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the second term of the fitness function becomes much bigger than the first term. The key to the effectiveness of GCS is the equilibrium between penalizing “bad” pairs variable/values and do not penalizing “good” ones. B. GCS Algorithm Considering the above, we can define the GCS algorithm as: 1. Develop the problem’s model in terms of variables and constraints (as a CSP) 2. Initialize for all the pair’s variable/value the inutility function parameters (C0, Bc and p). 3. Repeat until a termination condition (e.g. a maximum number of iterations or time limit) is reached 3.1. Select for the domain of each problem’s variable the z values with the smaller inutility value (I) 3.2. Call the CP module to perform the search and return a new best solution (or not) 3.3. Update all the parameters, including the inutility value, for all the used pairs according to the returned solution 3.3.1. If the solution is a new best solution, update Bc for all the pairs that belongs to the solution and increment p for the other pairs 3.3.2. Else increment p for all the used pairs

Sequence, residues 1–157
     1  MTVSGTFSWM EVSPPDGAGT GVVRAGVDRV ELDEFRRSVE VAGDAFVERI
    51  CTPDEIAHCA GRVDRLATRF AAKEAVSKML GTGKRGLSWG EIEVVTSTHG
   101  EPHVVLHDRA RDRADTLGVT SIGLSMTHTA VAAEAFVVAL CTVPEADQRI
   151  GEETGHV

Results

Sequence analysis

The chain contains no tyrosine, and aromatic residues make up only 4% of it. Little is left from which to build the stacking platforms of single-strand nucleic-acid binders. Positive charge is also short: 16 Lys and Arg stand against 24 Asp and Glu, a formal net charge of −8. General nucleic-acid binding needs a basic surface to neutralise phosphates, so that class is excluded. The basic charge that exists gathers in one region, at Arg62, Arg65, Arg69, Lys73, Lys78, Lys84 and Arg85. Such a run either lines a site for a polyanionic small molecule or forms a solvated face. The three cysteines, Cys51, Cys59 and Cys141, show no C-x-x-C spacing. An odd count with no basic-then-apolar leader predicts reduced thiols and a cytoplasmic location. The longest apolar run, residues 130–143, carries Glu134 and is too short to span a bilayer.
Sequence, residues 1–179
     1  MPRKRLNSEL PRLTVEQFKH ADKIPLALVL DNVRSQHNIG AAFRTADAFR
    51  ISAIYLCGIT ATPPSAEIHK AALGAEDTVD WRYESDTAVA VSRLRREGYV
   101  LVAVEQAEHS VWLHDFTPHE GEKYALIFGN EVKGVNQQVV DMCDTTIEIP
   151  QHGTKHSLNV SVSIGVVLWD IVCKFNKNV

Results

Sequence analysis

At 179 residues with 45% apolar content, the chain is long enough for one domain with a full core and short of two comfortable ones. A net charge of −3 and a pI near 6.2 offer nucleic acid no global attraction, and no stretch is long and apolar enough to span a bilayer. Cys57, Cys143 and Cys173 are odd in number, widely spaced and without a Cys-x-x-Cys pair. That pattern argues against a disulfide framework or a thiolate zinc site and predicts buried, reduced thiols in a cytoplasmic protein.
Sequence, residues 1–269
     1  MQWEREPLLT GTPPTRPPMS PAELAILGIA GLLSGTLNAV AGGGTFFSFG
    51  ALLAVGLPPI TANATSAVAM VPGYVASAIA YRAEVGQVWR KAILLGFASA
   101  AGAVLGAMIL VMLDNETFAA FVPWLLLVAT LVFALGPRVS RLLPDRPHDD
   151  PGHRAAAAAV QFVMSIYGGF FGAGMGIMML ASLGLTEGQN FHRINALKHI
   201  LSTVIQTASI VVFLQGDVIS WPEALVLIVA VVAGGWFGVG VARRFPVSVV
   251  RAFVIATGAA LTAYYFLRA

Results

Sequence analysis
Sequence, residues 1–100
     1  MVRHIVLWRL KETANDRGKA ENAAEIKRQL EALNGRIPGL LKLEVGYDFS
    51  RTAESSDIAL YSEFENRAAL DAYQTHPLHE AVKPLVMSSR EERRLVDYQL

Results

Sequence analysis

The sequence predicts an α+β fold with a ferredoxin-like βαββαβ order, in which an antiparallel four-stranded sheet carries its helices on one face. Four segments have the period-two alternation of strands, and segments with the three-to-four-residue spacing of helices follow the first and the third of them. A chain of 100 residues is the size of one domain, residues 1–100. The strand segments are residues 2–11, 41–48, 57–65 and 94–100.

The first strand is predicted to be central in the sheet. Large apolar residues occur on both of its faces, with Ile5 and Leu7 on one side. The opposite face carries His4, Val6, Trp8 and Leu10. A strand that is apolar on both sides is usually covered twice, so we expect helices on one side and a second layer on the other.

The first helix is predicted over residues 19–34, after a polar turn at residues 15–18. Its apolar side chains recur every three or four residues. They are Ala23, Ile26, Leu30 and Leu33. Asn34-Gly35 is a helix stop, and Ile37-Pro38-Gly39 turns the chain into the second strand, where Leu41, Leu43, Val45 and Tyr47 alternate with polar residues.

Remembering example of Figure 1, the algorithm starts defining the problems variables (X1,X2) and constraints. Then, after initialize all the parameters for all the pairs, it calls the CP module to search the best solution, suppose, within the subspace B (Figure 1). A new best solution is found and the parameters are updated according. Based on the new inutilities, a new sub-space is defined, suppose A, and the CP module is called again. This time, the new best solution is also the global best solution. As we can see the algorithm is simple and can be used for solving any problem adequate for the CP framework. The algorithm is independent of the CP module, however, for large problem instances, the time the module needs to find the local optimum solution can be very large. This means that it is necessary to limit the time the CP module uses for searching, in order to avoid losses of time exploring bad search space areas. Regarding the above, the GCS algorithm has two parameters to be set, namely the number of domain values and the searching time of the CP module. IV. MSGU PROBLEM DESCRIPTION The MSGU problem is a combinatorial search problem and can be formulated as a CSP. The main problem variables are the ones that represent the starting time of each maintenance task, being their domains constituted by the possible starting periods. The set of problem constraints can be very large and complex, and it should express all the relevant restrictions of the problem. These restrictions can usually be summarized as follows: Resource Constraints – These constraints ensure that all the resources needed to perform the maintenance task are available during maintenance. Some of the resources are: maintenance teams, vehicles, replacement parts, etc. Time Constraints – These constraints impose, for each unit to be maintained, the valid maintenance periods. For